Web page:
The U.S. could use its long-range bombers, aircraft carriers and cruise missiles to strike specific North Korean targets, such as missile launch sites or nuclear weapons plants. Then-President Bill Clinton considered that option in the 1990s.
But success would be even more difficult than it might have been back then. The North’s covert nuclear and missile programs have advanced, including a heavy reliance on mobile missile launchers that would be difficult to locate.
Because it would be exceedingly difficult for the U.S. to destroy all of North Korea’s assets, the regime could quickly retaliate against South Korea, home to about 200,000 Americans, said Jonathan Pollack, a senior fellow at the Brookings Institution.
“Unless someone believes you can somehow go in, take out everything that North Korea has — and everything is a whole lot — there is going to be major retaliation against the South and Americans will die,” he said.
Estimates of North Korea’s missile stockpile differ drastically. A Newsweek report estimates the country has between 20 and 120 missiles.
There is little doubt that South Korea would be in grave danger from even a limited military strike on the North. The results of a 2005 war game published in The Atlantic estimated that 100,000 people would die in the first days of conflict if North Korea attacked Seoul.
The United States and its allies could attack the North Korean missile and nuclear programs using their cyber warriors without ever launching a missile or stepping foot in the region.
The New York Times reported in March that the military was tasked with using cyber and electronic means to stop North Korean test launches in their opening seconds. While several test launches after that either exploded or veered off course, it’s unclear if those failed tests were a result of U.S. efforts or technological flaws.
Increasing cyber activities could be useful, but most experts agree it would be an incomplete solution.
Responding after North Korea strikes first
North Korea has threatened by the middle of August to launch four missiles into the waters off Guam, the U.S. territory that lies about 2,000 miles away. If it follows through, the U.S. would probably attempt to either destroy the missiles on the launch pad with combat aircraft or shoot them down with missile defense systems deployed to the region, said Steven Stashwick, an independent analyst on East Asia security.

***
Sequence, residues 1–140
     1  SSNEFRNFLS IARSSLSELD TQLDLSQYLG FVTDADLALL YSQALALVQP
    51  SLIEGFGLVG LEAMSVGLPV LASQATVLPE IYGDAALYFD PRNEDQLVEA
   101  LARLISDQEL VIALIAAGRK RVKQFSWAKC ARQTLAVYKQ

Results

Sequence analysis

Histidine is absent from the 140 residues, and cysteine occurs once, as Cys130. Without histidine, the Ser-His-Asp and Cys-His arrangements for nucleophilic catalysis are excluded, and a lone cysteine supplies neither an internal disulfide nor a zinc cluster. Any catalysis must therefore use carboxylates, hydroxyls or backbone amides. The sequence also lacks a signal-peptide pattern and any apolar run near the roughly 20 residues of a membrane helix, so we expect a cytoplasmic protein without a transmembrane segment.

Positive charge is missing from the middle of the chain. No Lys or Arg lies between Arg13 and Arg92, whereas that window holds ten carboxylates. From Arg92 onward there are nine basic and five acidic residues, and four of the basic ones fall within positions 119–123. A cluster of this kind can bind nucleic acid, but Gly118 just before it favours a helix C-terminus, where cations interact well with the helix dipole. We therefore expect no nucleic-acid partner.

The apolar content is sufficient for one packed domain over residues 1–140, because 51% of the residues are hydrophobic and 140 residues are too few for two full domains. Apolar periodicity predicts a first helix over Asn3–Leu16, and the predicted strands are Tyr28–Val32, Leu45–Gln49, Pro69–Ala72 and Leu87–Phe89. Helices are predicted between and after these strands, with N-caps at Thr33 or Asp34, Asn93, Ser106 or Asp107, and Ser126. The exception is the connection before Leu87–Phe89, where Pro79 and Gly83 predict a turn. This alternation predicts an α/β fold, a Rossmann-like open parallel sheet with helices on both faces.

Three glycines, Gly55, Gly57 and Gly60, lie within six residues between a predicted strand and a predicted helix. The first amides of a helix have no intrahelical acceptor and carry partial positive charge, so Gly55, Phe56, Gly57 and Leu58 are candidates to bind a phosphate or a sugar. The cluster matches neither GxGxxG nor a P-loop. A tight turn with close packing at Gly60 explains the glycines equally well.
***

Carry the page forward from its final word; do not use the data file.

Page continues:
The defensive options include the Army’s Terminal High Altitude Area Defense system and Navy ships equipped with the Aegis ballistic missile defense system.
But those carry risks too. If the U.S. strikes the launch pads, deaths of North Korean soldiers or destruction of the North’s property would risk escalating the conflict. Or the missile defenses could miss the incoming North Korean rockets, eroding the defenses’ credibility as a deterrent, Stashwick said.
The THAAD system in Alaska conducted a successful intercept test last month, but tests of the anti-missile system have faced criticisms as being too scripted and far less difficult than a real-world bolt from the blue.
And while THAAD can counter threats from short-, intermediate- and long-range ballistic missiles, it is not designed to destroy the type of intercontinental ballistic missile that the North Koreans have been testing. North Korea’s most recent tests show it has ICBMs that could reach the U.S. mainland, although its ability to hit the United States with a nuclear warhead is still unproven.
The U.S. has a separate network of missile interceptors in Alaska and California, called the Ground Based Strategic Deterrent, that is designed to defend the United States from an ICBM plunging from space at vast speeds. But that system is widely considered less reliable than the regional missile defenses.
It’s all the more reason why most experts say the U.S. has no choice to but to find a way to negotiate with the North Koreans.
"The objective of them ending their nuclear missile program is over," said former New Mexico Gov. Bill Richardson, a former U.S. ambassador to the United Nations and Energy secretary who has traveled to North Korea on several humanitarian missions. "The strategy should be containment — freezing and reducing their nuclear program and international inspections.
"The days where you are saying they have to end their nuclear program and then we will talk are over," he added. "That’s failed."